The Chicago Board Options Exchange (CBOE) first introduced what we refer to today as a standard call option in 1973. The standard put option was introduced four years later, in 1977.

While options are traditionally structured on a monthly basis (expiring on the third friday of each month) innovations in the industry have brought about the introduction of both long-term equity anticipation securities (aka “LEAPS”) as well as weekly options (aka “weeklys”).

LEAPS are defined as options that expire at least one year from the initial trade date, and were first offered in 1990. In terms of contract specifications, the only difference between a LEAP option and a traditional “monthly” option is the extended expiration date. LEAPS provide investors and traders with additional flexibility for taking and managing long-term risk(s).  

Weekly options operate much like regular “monthly” equity derivatives as well, except that their duration can range anywhere from one week to five weeks long. As with LEAPS, the contract specifications of weeklys are identical to those of regularly listed monthly expiration options. The introduction of weeklys was intended to provide traders with additional flexibility in taking and managing short-term risk(s).

Weekly options were first piloted by the CBOE in 2005, and since that time have gained significant traction in the marketplace. In 2017, trading in weekly options accounted for 28% of the total option volume for the entire year in the United States. 

Due to the increasing popularity of weekly options, it’s possible that both new and experienced traders alike have considered using these instruments, or will do so at some point in the future. From that standpoint, traders may be interested in reviewing a new installment of Market Measures on the tastytrade financial network, which focuses specifically on weeklys.

On the show, a market study is presented that compares the historical performance of weekly options to that of longer duration traditional monthly options.

According to previous research conducted by tastytrade, there is evidence suggesting 45 may be a somewhat optimal number for days-to-expiration (DTE) when it comes to short premium positions. For this reason, the market study was conducted as a side-by-side comparison of weeklys (7 DTE) versus monthly options with on average 45 DTE. 

The strategy backtested in the study was a simple short at-the-money (ATM) put, continuously deployed. The backtests were conducted in SPY using historical trading data from 2009 to present. A third category of options, with on average 30 DTE, was also backtested for added context.

The backtest on each option type was run twice—once without a trade management approach, and the second time with a trade management approach.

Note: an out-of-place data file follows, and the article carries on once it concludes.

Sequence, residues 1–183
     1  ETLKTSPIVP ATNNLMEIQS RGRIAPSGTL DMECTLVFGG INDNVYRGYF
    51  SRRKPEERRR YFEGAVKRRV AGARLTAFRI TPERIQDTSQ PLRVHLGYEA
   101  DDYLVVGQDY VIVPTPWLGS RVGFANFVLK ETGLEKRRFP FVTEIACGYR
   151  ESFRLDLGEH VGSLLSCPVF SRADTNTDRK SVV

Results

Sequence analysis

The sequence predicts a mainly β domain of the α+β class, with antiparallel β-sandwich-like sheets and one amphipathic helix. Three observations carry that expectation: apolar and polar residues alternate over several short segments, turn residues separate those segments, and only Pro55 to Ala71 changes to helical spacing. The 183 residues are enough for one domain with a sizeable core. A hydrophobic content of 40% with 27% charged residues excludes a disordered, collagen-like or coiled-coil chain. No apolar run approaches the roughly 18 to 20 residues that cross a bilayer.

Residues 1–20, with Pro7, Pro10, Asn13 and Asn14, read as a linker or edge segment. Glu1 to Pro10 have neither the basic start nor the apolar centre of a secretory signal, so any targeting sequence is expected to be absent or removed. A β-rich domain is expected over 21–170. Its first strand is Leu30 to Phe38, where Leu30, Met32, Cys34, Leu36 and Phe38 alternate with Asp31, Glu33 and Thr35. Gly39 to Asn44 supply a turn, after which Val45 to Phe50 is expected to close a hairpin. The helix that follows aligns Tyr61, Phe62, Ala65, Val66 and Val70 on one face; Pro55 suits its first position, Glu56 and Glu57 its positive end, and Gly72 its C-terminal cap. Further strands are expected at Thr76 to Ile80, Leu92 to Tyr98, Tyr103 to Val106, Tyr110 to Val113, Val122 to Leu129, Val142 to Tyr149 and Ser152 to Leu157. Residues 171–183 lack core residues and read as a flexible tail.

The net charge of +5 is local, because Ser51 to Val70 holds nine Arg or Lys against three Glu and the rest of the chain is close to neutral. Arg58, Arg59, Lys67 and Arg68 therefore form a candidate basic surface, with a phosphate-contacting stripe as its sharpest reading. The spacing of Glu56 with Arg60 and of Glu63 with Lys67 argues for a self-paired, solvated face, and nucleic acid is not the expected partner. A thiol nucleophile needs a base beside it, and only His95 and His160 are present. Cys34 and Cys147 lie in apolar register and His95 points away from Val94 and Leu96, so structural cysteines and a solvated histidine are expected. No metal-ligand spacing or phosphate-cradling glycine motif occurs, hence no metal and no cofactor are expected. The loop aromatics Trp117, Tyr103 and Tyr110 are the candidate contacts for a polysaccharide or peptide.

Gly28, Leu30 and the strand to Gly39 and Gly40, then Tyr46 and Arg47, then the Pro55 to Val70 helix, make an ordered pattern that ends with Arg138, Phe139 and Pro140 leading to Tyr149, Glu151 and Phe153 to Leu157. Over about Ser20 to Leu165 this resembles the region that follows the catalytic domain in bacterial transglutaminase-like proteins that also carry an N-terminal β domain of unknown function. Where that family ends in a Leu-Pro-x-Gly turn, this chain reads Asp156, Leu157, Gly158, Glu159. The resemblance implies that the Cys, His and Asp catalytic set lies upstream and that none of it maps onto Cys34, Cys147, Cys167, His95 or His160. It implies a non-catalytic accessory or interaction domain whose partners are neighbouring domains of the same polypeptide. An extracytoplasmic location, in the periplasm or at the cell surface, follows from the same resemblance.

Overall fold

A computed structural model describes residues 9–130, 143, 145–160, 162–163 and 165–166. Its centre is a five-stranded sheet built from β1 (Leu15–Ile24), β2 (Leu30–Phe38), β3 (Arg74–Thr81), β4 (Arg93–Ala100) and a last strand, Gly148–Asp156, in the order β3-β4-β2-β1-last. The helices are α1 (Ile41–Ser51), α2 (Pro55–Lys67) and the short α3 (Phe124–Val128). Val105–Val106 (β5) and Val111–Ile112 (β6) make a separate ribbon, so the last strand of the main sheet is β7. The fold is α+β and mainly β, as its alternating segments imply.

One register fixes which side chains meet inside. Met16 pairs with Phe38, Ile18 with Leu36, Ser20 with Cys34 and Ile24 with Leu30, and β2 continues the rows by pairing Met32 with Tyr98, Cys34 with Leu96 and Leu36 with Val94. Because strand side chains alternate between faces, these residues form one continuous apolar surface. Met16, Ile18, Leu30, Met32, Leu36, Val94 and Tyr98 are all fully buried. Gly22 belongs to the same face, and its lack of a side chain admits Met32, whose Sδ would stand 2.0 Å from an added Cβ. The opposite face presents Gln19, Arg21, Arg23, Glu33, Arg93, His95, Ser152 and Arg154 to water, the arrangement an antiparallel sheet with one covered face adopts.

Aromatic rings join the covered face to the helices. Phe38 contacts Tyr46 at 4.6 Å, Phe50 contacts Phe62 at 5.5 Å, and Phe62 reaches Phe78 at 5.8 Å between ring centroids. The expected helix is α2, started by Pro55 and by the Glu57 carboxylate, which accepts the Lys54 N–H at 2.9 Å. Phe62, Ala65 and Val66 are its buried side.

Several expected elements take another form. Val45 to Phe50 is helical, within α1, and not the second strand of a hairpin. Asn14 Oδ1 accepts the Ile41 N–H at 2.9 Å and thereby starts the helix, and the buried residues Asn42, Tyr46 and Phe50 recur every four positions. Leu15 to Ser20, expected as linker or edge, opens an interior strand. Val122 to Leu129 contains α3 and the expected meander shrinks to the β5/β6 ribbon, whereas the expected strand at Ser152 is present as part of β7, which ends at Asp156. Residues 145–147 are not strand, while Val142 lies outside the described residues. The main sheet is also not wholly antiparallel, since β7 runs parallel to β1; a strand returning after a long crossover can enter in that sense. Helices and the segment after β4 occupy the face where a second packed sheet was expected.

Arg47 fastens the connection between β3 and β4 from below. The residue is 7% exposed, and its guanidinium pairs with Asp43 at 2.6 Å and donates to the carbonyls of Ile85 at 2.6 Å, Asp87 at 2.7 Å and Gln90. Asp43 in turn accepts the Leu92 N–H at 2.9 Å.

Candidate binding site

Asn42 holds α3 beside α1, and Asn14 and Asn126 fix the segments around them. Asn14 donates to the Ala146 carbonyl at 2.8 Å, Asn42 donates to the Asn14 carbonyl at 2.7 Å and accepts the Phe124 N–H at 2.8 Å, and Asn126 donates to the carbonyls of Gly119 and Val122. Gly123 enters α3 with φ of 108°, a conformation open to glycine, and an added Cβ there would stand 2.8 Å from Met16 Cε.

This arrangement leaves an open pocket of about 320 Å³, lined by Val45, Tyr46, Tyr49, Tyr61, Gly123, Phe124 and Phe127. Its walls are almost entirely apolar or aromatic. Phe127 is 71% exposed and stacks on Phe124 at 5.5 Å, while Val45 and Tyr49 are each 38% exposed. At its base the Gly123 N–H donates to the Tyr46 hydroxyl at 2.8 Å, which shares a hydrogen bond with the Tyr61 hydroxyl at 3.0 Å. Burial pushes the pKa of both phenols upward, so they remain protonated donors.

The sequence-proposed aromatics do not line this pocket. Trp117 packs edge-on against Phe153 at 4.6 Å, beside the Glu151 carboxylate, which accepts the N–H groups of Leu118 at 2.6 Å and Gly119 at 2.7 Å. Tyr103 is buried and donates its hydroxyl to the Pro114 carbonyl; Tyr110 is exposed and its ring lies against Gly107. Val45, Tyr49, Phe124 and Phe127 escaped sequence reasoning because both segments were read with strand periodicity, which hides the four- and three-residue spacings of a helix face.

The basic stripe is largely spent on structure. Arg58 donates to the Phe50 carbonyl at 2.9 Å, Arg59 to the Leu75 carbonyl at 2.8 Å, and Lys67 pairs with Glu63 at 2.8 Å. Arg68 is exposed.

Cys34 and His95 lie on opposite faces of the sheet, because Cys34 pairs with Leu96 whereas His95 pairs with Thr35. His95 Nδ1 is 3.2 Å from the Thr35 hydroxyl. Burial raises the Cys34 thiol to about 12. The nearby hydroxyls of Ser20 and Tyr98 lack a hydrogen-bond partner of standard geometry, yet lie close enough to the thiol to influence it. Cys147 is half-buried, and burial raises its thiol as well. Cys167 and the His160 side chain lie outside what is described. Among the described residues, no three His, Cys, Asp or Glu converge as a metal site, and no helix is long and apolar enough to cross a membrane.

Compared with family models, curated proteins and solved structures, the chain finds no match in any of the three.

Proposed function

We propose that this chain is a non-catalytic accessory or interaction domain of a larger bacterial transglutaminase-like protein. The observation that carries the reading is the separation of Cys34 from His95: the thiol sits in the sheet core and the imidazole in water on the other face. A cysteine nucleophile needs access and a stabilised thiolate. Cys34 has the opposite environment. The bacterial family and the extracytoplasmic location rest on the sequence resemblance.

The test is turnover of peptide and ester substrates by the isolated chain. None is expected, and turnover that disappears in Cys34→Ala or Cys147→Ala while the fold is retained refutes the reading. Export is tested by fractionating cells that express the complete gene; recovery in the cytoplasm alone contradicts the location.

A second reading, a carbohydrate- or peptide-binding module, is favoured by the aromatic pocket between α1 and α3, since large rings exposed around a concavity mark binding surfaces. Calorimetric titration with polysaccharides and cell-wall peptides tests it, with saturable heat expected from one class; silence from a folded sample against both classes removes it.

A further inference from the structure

The trade management approach that was incorporated for the 30 DTE and 45 DTE options called for the trades to be closed on the 21st day after trade initiation. Trade management was not used for the  7 DTE approach because shortened trade duration does not provide for much ability to “manage.”

The first slide below shows the historical performance of each option type without the application of a trade management approach, while the second slide reflects the respective performance using a trade management approach on the 30 DTE and 45 DTE option types:

As one can see in the first slide, the average daily P/L was highest for the 45 DTE and 7 DTE options. However, the overall win rate was considerably higher for the 45 days-to-expiration options. 

Looking at the second slide, when the trade management technique was applied, the average P/L increased for the 30 DTE and 45 DTE option types. This slide also highlights how the 7 DTE options resulted in significantly more “losers” than the other two. 

Combining the above with a previous tastytrade study on weeklys, the Market Measures team uncovered several important factors which appear to limit the performance of the shorter duration options (i.e. weeklys) in comparison to regular monthly options, such as:

  • Smaller trade credit, reducing breakevens 
  • Less time for tested trades to bounce back
  • Lower overall trade performance (due to the above)

Due to the importance and complexity of this topic, traders may want to review the complete episode of Market Measures focusing on the historical performance of weeklys when scheduling allows. 

It should be noted that the aforementioned analysis centered on a systematic short premium trading approach over a long period of time, therefore representing only one of many different ways that a trader might utilize weekly options. Depending on one’s unique trading approach and risk profile, it’s entirely possible that weeklys may be a good fit for the portfolio—on a one-off basis or otherwise. 

Traders should be aware that new weeklys are introduced on Thursdays and that they’re typically not offered for each and every week in a given month.

Because there are many weekly expirations to choose from, traders should be extra careful when selecting the specific contract to ensure it possesses the desired expiration date. While weeklys generally offer strong volumes, traders should also be aware that certain weekly strikes may trade with considerably higher volumes than others—much like monthly options.Weekly options are offered on roughly 400 of the 4000+ optionable stocks and ETFs. Traders seeking to stay current on upcoming weekly offerings in the options marketplace can monitor the Options Clearing Corporation website dedicated to updating information on forthcoming weeklys.